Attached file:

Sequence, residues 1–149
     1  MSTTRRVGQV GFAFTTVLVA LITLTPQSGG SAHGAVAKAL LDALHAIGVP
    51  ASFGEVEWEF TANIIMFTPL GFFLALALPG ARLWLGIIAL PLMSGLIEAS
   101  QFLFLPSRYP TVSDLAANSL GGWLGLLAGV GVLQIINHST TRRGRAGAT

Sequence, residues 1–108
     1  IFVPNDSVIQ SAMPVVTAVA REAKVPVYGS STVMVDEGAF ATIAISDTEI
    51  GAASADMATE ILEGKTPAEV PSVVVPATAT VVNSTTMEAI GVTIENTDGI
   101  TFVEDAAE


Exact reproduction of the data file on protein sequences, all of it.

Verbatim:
Sequence, residues 1–149
     1  MSTTRRVGQV GFAFTTVLVA LITLTPQSGG SAHGAVAKAL LDALHAIGVP
    51  ASFGEVEWEF TANIIMFTPL GFFLALALPG ARLWLGIIAL PLMSGLIEAS
   101  QFLFLPSRYP TVSDLAANSL GGWLGLLAGV GVLQIINHST TRRGRAGAT

Sequence, residues 1–108
     1  IFVPNDSVIQ SAMPVVTAVA REAKVPVYGS STVMVDEGAF ATIAISDTEI
    51  GAASADMATE ILEGKTPAEV PSVVVPATAT VVNSTTMEAI GVTIENTDGI
   101  TFVEDAAE